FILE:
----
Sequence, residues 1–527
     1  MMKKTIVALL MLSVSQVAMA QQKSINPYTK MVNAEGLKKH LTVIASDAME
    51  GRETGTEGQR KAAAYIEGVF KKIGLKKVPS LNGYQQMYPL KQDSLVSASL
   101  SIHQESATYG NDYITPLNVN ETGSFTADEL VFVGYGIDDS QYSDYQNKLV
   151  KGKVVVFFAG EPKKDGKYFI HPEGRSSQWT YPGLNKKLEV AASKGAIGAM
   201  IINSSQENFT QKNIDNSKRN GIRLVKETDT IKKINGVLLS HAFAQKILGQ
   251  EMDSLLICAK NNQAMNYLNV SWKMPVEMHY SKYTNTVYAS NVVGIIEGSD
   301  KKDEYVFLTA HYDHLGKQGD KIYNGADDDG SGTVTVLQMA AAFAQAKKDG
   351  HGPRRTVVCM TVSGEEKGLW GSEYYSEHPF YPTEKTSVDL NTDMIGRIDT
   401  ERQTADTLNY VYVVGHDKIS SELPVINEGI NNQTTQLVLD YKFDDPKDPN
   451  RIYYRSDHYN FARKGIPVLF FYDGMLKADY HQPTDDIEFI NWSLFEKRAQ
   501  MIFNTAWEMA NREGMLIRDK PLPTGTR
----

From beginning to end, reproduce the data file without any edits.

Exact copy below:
Sequence, residues 1–527
     1  MMKKTIVALL MLSVSQVAMA QQKSINPYTK MVNAEGLKKH LTVIASDAME
    51  GRETGTEGQR KAAAYIEGVF KKIGLKKVPS LNGYQQMYPL KQDSLVSASL
   101  SIHQESATYG NDYITPLNVN ETGSFTADEL VFVGYGIDDS QYSDYQNKLV
   151  KGKVVVFFAG EPKKDGKYFI HPEGRSSQWT YPGLNKKLEV AASKGAIGAM
   201  IINSSQENFT QKNIDNSKRN GIRLVKETDT IKKINGVLLS HAFAQKILGQ
   251  EMDSLLICAK NNQAMNYLNV SWKMPVEMHY SKYTNTVYAS NVVGIIEGSD
   301  KKDEYVFLTA HYDHLGKQGD KIYNGADDDG SGTVTVLQMA AAFAQAKKDG
   351  HGPRRTVVCM TVSGEEKGLW GSEYYSEHPF YPTEKTSVDL NTDMIGRIDT
   401  ERQTADTLNY VYVVGHDKIS SELPVINEGI NNQTTQLVLD YKFDDPKDPN
   451  RIYYRSDHYN FARKGIPVLF FYDGMLKADY HQPTDDIEFI NWSLFEKRAQ
   501  MIFNTAWEMA NREGMLIRDK PLPTGTR